Monday Jany. 5th. Started for Bath this morning in company with Bro Mills. We expected to have met with Bro’s Halliday & Jeremy at the Station, but missed them. Had an exceedingly pleasant visit to the City. We visited the principal streets and places and I think it the prettiest city I have seen in Great Britain. We called upon Sister Parrott and family and spent a short time, then went to Bro Dellimore’s to dinner. He was quite sick in bed with the Rheumatism; we administered to him and the President of the Bath Branch, Bro Davis, who was troubled with a cold. After dinner we returned to Bristol. Held Council meeting with the Officers and spoke to them. Had a very good tea party in the evening. Songs, Recitations & anecdotes were given for our amusement. I spoke for a short time. Slept at Bro Halliday’s.

6 January 1863 • Tuesday

Tuesday, Jany 6th Arose early in the morning, and bade Bro’s Halliday and Willes good bye, and accompanied by Bro Hewlett to the boat. Bro’s Mills, Jeremy and myself embarked for Cardiff which place we reached after two hours sail. It was pleasant, but rather cold. Stopped at Bro Evans’ the President of Cardiff Conference. In the afternoon visited Cardiff Castle; was shown the dungeon where Robert, Duke of Normandy and King of England was imprisoned by his brother Henry for twenty-six years and where his eyes were destroyed. A castle belonging to the ancient Kings of Britain stood here, it is said, hundreds of years before Christ. We went through the grounds of the castle; they were very beautiful. It rained very heavily. In the evening held a meeting which was well attended. I spoke and was followed by Bro Mills in testimony. We were both blessed with excellent liberty. In the course of my remarks I alluded to the miserable falsehoods told by William, O. Owen (who was cut off a few weeks ago for his corrupt and wicked conduct) in his recent lectures in Cardiff and showed in a brief, but, as I think, convincing manner how totally unreliable the testimony of such a man is, and pointed out the causes which must have been operating—namely, his wicked and unvirtuous conduct—to bring him into his condition of opposition to the work of God. Bro Mills’ testimony in favor of President Brigham Young and the condition of affairs in Utah was very powerful and of a character to impress the people with its truthfulness. Slept at Bro Evans’ with Bro Jeremy.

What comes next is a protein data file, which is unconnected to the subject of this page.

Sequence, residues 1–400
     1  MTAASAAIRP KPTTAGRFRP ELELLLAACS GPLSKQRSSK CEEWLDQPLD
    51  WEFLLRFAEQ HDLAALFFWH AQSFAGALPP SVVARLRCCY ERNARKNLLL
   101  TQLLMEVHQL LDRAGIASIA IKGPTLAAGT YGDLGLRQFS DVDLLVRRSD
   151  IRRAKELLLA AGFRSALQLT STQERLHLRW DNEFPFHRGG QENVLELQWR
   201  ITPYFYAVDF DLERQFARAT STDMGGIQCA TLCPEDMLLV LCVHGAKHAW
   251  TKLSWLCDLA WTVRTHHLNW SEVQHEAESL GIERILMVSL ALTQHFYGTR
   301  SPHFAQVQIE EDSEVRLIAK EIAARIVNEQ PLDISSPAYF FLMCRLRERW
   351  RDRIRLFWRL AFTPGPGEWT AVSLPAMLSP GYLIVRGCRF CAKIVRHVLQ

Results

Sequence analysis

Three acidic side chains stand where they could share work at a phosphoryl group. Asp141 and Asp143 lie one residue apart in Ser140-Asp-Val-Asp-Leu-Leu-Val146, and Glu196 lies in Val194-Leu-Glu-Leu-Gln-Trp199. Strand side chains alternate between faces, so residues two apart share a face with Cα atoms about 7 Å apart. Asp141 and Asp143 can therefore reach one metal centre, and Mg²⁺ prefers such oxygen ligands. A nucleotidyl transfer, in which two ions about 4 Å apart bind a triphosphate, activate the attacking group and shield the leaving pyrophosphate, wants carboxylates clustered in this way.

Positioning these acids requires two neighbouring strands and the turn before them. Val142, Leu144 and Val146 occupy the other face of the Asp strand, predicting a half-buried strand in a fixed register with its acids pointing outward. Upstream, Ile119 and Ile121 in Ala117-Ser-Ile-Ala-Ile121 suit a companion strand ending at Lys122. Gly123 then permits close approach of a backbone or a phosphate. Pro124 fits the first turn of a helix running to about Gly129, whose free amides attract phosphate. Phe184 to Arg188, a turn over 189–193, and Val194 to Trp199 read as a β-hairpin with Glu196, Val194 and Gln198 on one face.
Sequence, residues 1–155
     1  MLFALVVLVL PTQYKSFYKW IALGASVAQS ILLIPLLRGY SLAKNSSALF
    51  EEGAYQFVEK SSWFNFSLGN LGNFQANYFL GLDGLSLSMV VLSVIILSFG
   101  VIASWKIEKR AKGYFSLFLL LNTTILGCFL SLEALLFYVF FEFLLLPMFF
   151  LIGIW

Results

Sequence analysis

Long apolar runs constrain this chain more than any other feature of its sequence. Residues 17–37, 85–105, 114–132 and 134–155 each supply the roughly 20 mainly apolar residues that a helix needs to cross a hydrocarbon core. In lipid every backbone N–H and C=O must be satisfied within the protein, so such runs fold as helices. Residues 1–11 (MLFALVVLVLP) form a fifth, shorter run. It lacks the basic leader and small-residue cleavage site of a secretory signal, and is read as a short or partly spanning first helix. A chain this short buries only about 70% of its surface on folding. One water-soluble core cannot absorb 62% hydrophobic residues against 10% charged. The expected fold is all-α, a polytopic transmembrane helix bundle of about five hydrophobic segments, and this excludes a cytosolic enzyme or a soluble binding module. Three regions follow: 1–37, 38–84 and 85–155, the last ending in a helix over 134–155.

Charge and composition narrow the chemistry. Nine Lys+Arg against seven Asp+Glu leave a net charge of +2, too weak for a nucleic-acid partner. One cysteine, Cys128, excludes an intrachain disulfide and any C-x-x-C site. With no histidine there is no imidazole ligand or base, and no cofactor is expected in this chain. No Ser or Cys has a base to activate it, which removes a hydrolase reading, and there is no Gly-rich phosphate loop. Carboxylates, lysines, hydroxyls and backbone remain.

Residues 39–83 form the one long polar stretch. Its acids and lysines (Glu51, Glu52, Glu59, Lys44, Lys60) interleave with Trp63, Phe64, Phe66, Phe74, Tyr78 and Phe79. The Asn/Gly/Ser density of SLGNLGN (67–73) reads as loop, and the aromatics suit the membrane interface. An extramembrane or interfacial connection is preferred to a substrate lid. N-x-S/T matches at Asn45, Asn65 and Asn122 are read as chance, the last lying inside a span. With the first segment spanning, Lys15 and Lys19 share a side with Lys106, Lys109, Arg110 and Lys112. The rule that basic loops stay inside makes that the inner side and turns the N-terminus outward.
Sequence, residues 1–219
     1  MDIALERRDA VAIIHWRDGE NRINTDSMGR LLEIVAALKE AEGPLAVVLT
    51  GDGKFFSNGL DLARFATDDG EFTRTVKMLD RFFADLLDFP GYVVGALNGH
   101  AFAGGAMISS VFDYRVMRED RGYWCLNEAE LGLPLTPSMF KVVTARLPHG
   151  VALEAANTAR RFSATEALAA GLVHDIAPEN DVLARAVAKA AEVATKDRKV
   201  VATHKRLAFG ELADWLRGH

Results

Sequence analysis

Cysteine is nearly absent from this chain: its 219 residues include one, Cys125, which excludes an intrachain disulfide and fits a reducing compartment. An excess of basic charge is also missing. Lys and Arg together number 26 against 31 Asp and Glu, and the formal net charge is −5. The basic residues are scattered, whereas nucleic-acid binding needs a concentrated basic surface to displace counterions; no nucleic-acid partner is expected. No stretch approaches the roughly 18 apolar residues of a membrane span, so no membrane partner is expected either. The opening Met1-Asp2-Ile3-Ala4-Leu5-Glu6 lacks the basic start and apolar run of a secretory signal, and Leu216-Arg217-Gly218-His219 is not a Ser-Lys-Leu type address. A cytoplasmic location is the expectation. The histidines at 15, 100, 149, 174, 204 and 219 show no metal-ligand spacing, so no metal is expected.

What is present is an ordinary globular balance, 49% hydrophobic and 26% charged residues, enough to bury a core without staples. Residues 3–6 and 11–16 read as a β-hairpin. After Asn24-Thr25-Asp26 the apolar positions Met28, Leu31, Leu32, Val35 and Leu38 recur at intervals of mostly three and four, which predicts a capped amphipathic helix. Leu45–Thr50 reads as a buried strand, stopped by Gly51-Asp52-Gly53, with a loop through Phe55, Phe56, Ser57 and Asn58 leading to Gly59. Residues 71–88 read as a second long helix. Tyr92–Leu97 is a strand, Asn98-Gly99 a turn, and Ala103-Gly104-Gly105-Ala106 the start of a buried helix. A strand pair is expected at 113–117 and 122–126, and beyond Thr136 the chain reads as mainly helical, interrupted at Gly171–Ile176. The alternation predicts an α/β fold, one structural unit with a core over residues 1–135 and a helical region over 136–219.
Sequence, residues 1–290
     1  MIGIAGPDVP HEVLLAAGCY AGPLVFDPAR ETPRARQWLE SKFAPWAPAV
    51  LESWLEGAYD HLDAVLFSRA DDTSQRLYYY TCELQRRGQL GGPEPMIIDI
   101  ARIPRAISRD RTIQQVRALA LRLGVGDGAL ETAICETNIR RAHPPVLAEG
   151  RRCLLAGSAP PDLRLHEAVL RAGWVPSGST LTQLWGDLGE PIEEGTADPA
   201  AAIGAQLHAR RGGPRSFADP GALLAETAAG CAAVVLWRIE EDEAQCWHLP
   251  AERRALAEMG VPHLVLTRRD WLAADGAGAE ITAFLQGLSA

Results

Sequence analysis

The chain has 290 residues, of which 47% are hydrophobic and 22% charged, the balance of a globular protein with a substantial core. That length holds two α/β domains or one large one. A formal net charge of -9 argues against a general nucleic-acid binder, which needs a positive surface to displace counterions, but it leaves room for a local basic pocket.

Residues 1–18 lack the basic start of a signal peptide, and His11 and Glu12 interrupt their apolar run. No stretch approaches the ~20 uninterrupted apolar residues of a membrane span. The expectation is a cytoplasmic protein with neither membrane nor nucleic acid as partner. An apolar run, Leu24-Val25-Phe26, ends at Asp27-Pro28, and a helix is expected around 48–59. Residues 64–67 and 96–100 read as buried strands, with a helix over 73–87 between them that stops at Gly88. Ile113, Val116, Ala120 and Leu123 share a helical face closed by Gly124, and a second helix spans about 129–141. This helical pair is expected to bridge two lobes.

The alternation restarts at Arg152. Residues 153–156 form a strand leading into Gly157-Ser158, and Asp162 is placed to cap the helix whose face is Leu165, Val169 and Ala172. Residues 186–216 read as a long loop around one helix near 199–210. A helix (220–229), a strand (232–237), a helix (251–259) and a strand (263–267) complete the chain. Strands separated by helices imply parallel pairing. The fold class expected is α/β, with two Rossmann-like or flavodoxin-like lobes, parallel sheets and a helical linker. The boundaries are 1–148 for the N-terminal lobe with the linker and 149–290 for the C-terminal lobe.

7 January 1863 • Wednesday